Checklist and Guidelines for Review of Geotechnical
Reports and Preliminary Plans and Specifications
Table 1 Project Review Guidelines
The following project review guidelines are given to assist FHWA generalist engineers in determining what type and size projects may warrant review by a FHWA geotechnical specialist.
A FHWA geotechnical specialist should review Geotechnical reports and supporting data for major or unusual geotechnical features, described below. The FHWA division office should also request FHWA geotechnical specialist review for any project that is considered to involve geotechnical risk or excessive expense in its design or construction. Supporting data for these reviews include preliminary plans, specifications, and cost estimates (if available at the time of geotechnical report submittal). Emphasis will be placed on review of these projects in the preliminary stage in order to optimize cost savings through early identification of potential problems or more innovative designs. To be of maximum benefit geotechnical reports and supporting data should be forwarded for review as soon as available, and at least 60 days prior to the scheduled project advertisement date. The review by the FHWA geotechnical specialist should be completed within 10 working days.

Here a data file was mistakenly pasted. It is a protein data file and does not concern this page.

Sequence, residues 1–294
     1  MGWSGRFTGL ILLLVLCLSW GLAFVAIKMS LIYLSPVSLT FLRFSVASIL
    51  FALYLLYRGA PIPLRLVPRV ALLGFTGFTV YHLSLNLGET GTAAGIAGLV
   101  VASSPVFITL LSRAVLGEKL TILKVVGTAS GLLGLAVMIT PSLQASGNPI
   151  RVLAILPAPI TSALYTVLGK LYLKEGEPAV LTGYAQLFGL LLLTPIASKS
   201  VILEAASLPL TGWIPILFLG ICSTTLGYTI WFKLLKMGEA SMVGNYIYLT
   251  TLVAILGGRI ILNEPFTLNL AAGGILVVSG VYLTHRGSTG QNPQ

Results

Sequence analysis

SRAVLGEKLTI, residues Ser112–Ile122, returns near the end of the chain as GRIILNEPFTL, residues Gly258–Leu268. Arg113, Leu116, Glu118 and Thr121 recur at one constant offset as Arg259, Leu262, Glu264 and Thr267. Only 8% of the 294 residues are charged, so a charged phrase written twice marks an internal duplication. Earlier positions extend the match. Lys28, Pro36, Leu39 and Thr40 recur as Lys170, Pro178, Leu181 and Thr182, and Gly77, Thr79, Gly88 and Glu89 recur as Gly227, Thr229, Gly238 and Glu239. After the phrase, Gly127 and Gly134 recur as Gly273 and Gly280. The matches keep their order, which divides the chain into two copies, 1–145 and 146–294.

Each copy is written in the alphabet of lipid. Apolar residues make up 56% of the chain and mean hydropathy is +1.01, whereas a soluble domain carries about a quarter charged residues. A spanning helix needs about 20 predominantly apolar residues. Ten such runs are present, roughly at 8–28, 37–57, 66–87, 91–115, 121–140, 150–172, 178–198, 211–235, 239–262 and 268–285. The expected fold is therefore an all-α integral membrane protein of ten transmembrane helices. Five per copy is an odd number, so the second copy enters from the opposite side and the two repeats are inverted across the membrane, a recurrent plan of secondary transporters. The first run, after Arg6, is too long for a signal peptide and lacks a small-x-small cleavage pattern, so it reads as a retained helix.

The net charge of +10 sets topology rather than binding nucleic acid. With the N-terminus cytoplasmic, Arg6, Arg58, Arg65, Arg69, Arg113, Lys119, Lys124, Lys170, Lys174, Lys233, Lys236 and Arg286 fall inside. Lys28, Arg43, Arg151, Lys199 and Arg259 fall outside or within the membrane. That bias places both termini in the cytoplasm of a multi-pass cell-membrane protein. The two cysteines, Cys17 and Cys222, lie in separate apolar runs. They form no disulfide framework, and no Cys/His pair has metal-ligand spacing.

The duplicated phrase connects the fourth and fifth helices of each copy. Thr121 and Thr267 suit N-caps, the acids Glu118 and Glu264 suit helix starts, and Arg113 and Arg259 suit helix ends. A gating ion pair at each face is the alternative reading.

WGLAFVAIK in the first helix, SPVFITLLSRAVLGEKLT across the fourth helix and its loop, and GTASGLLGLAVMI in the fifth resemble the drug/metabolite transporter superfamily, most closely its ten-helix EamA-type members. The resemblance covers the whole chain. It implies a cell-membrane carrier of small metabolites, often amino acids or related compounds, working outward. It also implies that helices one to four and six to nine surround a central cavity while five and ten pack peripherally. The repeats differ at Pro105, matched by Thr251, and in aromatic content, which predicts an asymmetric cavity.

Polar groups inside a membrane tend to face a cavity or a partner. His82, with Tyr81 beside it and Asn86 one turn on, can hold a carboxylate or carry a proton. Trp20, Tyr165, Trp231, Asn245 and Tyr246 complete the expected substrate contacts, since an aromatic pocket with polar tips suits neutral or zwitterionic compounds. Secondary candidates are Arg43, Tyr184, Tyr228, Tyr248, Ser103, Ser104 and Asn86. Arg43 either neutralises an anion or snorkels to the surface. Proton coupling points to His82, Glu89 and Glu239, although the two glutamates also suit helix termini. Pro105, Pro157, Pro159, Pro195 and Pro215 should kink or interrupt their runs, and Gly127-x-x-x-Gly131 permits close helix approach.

"Major" Geotechnical Features
Geotechnical reports and supporting data for major geotechnical project features should be submitted to the FHWA geotechnical specialist for review if the following project cost and complexity criteria exist:
||Earthwork - soil or rock cuts or fills where (a) the maximum height of cut or fill exceeds 15 m (50 ft), or (b) the cuts or fills are fills are located in topography and/or geological units with known stability problems.
||Greater than $1,000,000
||Soil and Rock Instability Corrections
- cut, fill, or natural slopes which are presently or potentially unstable.
||Greater than $ 500,000
||Retaining Walls (geotechnical aspects)
- maximum height at any point along the length exceeds 9 m (30 ft). Consideration of bidding cost-effective alternatives and geotechnical aspects (bearing capacity, settlement, overturning, sliding, etc.) are of prime concern. Structural design of and footings is beyond the scope of these reviews.
||Greater than $ 250,000
"Unusual" Geotechnical Features
Geotechnical reports and supporting data for all projects containing unusual geotechnical features should be submitted to the FHWA geotechnical specialist for review.
An unusual geotechnical project feature is any geotechnical feature involving:
- difficult or unusual problems, e.g. embankment construction on a weak and compressible foundation material (difficult) or fills constructed using degradable shale (unusual);
- new or complex designs, e.g. geotextile soil reinforcement, permanent ground anchors, wick drains, ground improvement technologies; and
- questionable design methods, e.g. experimental retaining wall systems, pile foundations where dense soils exists.